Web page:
Latest posts by techwriter (see all)
- BOOK REVIEW: “Design for How People Learn” by Julie Dirksen - July 10, 2017
- 12 Top Characteristics of a Good Technical Writer - July 3, 2017
- What Are the Qualities of a Good Technical Writer? - June 28, 2017
© Ugur Akinci
Travel writing is a great way both to travel around the world and make money while doing it. Imagine having fun, staying at the best hotels, spending time on golden beaches and heavenly mountains, and getting paid for it? You can finance such pursuits by specializing in travel writing.
Of course, like in anything else in life, theory is easier than practice. So here are some suggestions to write one great travel article after another, sell’em well, and make your sweet dreams come true.
1) Pre-Sell Your Article
If possible, query he editor of the magazine where you’d like to publish the article and ask if she’d be interested in publishing it once you’re done. Editors know what sells and what doesn’t and they’ll tell you what kind of material they need. That would save you from a lot of unnecessary effort if you happen to think about something that the magazine has published earlier. So, within this context, it pays to STUDY the magazine in advance to prove to the editor that your are an informed writer who has done his homework.
2) Have a Sunny and Inspirational Outlook
More than anything else, travel is about having fun. A travel piece is not an academic dissertation or a political op-ed piece. You are not trying to find solution to the problems of the world. You are trying to motivate others to leave their homes and enjoy the good things that the world has to offer. Thus you need to stress the positive.
This does not mean you need to lie and hide all the inconvenient facts. Actually, it’s your duty as a travel writer to point out all the things that your readers should pay attention to for a smooth and trouble-free vacation. For example, if the local hotels refuse rooms to unmarried couples, you need to mention that. But that does not mean you need to criticize the country’s sociopolitical culture. That’s the job of political and editorial writers.
3) Photos, Photos, Photos
Visuals are very important in travel writing. If you have at least a 4 Megabyte camera and know how to take good pictures, you’ll have an easier time to sell your travel article.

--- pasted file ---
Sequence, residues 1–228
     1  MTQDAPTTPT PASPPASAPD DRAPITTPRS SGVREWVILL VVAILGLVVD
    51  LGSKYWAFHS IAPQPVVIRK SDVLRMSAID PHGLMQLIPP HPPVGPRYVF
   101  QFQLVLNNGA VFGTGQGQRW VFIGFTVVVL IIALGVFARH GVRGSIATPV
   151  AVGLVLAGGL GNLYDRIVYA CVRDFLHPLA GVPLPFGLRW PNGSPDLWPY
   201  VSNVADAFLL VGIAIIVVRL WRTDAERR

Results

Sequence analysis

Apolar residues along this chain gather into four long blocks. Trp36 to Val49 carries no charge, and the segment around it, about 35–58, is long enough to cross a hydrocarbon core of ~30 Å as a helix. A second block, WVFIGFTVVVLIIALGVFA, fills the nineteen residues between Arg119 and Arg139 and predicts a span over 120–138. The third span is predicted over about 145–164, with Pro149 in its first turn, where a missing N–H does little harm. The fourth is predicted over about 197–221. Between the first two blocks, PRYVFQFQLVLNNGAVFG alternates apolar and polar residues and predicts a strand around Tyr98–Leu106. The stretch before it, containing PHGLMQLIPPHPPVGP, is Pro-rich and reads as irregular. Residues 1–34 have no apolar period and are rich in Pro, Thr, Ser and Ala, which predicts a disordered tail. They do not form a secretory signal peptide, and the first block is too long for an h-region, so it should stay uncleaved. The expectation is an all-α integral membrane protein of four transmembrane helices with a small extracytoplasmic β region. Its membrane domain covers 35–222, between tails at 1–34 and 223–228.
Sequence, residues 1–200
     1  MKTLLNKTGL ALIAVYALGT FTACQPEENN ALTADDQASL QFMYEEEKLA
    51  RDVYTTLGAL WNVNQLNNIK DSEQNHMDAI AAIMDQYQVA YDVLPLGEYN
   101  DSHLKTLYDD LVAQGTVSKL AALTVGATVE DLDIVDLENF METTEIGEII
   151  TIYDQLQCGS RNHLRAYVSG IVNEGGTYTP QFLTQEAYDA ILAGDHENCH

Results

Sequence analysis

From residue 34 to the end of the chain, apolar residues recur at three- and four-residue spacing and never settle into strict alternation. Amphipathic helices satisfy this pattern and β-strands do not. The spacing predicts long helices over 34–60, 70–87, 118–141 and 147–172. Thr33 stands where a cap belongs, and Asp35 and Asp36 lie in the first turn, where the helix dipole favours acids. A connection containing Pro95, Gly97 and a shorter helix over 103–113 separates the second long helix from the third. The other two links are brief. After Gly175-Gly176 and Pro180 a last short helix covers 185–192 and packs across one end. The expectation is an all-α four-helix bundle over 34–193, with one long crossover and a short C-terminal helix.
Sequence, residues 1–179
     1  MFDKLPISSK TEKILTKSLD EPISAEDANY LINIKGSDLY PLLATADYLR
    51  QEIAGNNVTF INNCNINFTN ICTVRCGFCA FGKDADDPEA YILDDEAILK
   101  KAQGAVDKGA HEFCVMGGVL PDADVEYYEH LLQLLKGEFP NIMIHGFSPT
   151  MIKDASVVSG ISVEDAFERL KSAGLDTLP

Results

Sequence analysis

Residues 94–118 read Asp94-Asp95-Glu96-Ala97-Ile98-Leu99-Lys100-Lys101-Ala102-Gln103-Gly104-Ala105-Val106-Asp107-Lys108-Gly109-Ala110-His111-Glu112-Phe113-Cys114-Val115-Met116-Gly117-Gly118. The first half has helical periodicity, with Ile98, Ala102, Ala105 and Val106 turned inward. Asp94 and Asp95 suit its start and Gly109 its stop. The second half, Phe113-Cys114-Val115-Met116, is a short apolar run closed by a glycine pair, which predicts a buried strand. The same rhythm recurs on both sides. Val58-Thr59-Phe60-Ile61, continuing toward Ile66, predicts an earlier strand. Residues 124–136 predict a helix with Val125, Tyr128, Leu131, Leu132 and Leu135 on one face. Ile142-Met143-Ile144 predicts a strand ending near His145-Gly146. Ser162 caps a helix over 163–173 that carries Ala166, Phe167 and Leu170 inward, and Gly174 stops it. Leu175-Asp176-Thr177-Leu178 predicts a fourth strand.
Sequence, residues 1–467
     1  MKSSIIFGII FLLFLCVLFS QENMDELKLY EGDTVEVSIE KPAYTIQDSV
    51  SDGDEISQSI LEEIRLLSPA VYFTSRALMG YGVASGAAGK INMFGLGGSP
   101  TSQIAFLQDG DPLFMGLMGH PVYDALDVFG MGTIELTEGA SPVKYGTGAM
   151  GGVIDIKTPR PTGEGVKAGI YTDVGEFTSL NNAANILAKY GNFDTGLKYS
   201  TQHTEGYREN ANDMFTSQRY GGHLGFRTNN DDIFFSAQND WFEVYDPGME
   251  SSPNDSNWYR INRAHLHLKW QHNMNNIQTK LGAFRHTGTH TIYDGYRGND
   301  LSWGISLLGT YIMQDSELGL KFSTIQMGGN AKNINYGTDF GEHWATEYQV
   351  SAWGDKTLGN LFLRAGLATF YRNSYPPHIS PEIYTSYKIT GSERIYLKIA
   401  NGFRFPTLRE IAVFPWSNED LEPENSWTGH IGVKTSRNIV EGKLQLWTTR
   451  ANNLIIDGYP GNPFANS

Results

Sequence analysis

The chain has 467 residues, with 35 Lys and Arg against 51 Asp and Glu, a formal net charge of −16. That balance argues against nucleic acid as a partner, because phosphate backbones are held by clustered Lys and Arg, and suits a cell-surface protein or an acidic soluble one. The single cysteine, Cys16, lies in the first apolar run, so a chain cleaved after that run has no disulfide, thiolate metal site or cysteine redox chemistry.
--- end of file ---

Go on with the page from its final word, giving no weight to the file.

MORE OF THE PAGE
Here are 2 GOLDEN PRINCIPLES of taking excellent photos:
a) NEVER take a picture when the sun is up above your head. SUNRISE and SUNDOWN are perfect times to take a picture. Even the most mundane scenes are bathed in a gorgeous light at these hours of the day. As Rembrandt has said: “It’s all about the Light.”
b) Always include a FOREGROUND to frame your BACKGROUND.
For example, if you are shooting the photo of a hotel, try to include a tree branch hanging over or a flower in front of the frame so that there will be a comparative sense of depth to your photo.
If you are shooting a beach or a mountain, try to include a plant or another attractive object in the foreground. See the public domain photo of the Lion Rock at Piha above, courtesy of Wikipedia.
4) Provide Useful, Timely, and Relevant Information
This is the heart of any travel writing, really. Provide good information about where to stay (hotels), where to eat (restaurants), how to reach that spot (transportation).
It is not easy to share the latest information and that’s why travel writing goes stale quickly. That’s the down side. But the upside is, since travel information changes constantly, that also creates a constant need for new travel articles for the same location. That’s why the global demand for travel writing never goes away.
If you read the best travel writing, you’ll see that most of the time such to-the-point information is provided in SIDEBARS. You can try the same.
5) Write with Your 5 Senses and Get Personal
Draw pictures with your words, and to do that, rely on your personal impressions. Use metaphors and similes (by comparing two objects/entities via the conjunction “like” or “as”).
Don’t just say “the city was beautiful” and leave it at that. Listen to your inner voice, watch your inner state, and try to pour the energy churning inside into honest words.
Try something like: “When the spires of the thousand-year castle emerged from the morning mist that cuddled the city, I felt like I was transported to a time when the stone bridge that curved gently towards the main gate echoed with the hoofs of the horses ridden by the knights in sparkling silver armor.”
Instead of just saying “hot,” try something like “the minute I stepped on the beach barefoot it burned like a sizzling hot pan.”
Instead of “cold” try “the weather was so merciless and iron-cold my lips froze up as if they were glued to one another.”
6) Keep Your Ears and Eyes Wide Open
Take notes as you go along and write down every interesting local expression or piece of conversation that you hear along the way, even of they are not correct grammatically. Such authentic details bring out your piece alive in colors and shades that cannot be invented from afar while you sit comfortably at your desk.
Travel writing takes a lot of effort, planning, and keen observation but at the end it’s probably one of the best ways to have fun while making money.
PHOTO CREDIT: Ester Inbar